State seeks more drivers to prevent propane shortage

State lawmakers are looking to streamline fuel transportation in an attempt to reduce the chances of a propane shortage. Their latest bid will focus on a recurring problem for an area of the world where heating fuel during the wintertime is an all-important resource.

At a joint meeting Wednesday legislators of both parties heard from the Minnesota Propane Association, whose leadership wants new legislation to increase the amount of propane drivers can haul.

They say doing so would create a more stable supply and put Minnesota on par with neighboring states who have seen fewer shortage issues in the past.

The good news, they insist, is that the state's fuel supply is stable at the moment--though lawmakers are trying to get a handle on why Minnesota bounces from emergency to emergency when it comes to propane.

"The first week of January this year was not any supply shortage, but we do have a transportation shortage," said Roger Leider with the MPA.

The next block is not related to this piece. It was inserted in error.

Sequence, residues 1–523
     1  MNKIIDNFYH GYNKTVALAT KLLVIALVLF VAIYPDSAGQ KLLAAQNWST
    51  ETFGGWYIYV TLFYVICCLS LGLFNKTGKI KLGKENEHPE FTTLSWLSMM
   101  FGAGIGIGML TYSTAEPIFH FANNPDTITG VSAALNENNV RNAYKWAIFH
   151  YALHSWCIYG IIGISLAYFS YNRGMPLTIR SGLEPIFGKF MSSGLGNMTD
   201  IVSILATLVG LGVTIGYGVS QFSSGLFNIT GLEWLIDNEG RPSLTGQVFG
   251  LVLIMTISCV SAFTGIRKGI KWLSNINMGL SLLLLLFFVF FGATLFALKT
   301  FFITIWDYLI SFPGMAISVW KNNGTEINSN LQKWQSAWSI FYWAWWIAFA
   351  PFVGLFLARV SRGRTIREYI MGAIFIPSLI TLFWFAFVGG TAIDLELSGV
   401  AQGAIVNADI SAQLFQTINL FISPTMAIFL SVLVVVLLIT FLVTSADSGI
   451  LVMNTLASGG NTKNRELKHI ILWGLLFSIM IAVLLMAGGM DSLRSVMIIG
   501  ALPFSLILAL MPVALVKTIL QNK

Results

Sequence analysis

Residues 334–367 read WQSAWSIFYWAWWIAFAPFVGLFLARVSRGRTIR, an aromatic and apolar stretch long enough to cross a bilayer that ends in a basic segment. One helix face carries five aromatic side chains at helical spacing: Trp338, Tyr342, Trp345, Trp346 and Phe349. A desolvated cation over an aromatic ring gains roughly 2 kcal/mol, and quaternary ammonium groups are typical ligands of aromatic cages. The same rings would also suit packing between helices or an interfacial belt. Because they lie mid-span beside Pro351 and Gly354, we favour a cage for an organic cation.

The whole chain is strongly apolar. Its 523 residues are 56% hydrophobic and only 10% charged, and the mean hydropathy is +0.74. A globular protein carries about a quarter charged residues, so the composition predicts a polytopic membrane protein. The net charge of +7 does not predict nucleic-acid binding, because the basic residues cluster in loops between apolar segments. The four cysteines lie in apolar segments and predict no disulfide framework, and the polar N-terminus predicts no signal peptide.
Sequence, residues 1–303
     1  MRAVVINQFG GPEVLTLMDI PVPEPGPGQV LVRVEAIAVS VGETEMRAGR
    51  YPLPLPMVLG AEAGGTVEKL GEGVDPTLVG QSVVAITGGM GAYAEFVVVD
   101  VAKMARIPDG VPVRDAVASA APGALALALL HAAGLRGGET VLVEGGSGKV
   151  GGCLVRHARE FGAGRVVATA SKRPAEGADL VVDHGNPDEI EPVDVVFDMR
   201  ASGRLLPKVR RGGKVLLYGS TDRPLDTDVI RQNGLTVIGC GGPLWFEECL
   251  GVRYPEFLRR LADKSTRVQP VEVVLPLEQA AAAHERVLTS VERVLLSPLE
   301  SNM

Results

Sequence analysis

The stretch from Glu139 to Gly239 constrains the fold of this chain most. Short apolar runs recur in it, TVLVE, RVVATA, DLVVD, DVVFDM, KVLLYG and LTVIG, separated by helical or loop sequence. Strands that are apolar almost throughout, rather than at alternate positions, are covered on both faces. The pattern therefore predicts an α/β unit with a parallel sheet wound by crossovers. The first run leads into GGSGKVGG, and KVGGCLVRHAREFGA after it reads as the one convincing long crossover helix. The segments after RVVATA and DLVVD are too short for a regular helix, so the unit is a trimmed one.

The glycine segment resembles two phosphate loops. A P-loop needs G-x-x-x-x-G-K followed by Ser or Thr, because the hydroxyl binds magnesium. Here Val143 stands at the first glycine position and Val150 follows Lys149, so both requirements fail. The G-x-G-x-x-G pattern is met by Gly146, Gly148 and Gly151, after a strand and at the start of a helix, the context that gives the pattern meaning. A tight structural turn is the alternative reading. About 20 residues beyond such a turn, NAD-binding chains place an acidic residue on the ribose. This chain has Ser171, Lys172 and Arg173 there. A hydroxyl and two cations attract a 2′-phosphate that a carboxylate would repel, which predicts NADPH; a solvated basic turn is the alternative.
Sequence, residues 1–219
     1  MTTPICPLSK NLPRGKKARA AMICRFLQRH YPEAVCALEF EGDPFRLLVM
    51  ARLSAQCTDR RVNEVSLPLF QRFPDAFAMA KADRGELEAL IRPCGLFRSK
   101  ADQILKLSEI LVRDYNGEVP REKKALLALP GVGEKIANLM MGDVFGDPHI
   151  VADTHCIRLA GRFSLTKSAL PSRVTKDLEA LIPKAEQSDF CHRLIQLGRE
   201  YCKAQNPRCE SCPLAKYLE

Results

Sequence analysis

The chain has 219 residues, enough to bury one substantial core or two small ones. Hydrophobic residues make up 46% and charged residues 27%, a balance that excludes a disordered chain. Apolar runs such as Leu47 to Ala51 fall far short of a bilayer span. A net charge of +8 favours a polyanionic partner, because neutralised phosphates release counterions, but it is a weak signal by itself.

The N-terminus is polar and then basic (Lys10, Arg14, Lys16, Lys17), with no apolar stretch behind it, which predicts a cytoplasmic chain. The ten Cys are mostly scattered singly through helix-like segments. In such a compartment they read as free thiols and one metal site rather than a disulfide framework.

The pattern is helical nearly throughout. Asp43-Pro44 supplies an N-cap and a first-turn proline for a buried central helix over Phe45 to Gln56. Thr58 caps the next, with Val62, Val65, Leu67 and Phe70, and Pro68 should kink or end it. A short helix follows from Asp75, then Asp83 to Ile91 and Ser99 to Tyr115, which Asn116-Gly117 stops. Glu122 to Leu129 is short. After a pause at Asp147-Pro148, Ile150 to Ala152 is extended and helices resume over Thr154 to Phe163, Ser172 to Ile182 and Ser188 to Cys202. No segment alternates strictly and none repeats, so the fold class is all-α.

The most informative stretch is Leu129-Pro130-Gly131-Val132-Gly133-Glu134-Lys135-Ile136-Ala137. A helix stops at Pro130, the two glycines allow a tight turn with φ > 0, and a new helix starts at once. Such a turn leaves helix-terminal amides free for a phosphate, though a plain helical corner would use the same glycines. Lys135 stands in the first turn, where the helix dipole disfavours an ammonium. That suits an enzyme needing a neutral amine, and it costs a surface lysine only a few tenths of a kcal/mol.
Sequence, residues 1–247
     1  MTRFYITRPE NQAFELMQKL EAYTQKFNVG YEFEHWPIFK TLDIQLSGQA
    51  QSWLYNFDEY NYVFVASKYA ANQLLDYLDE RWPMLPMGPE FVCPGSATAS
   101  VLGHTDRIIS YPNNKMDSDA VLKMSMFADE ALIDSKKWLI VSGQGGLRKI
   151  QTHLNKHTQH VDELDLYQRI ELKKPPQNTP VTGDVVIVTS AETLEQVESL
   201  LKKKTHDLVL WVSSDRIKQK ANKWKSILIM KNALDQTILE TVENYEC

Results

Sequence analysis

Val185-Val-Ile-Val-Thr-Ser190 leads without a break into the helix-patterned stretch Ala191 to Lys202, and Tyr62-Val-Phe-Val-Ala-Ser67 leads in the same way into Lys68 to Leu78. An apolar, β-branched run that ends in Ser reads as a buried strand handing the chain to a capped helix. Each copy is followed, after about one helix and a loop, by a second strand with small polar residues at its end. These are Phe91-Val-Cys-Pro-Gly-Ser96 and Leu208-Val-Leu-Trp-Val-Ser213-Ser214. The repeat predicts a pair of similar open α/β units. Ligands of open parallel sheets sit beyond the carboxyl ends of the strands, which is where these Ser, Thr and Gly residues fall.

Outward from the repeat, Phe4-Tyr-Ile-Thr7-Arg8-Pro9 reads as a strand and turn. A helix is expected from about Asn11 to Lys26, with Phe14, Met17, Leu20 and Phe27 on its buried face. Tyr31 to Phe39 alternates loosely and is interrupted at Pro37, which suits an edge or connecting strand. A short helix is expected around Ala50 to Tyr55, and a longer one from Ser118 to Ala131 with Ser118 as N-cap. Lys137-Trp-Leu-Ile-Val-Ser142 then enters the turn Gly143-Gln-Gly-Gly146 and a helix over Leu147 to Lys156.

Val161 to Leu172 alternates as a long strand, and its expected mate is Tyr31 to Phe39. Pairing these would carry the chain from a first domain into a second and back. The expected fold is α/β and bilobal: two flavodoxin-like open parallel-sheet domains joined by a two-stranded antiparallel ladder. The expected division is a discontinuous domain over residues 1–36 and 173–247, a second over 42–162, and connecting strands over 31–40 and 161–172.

Governor Dayton even declared a State of Emergency this fall that temporarily lifted some truck driving regulations in order to increase the supply of propane.

That announcement came as our bitterly cold and wet fall increased the demand for propane used to dry crops–all while people were trying to heat their homes, too.

Four years ago, there was a supply issue during the polar vortex that spiked prices, prompting the legislature to approve $20 million in emergency heating assistance funds.

During that time period, Minnesota was able to bring in truckers and rigs from other states to haul propane--though as of right now there are no spare trucks or drivers to call in if there was a shortage.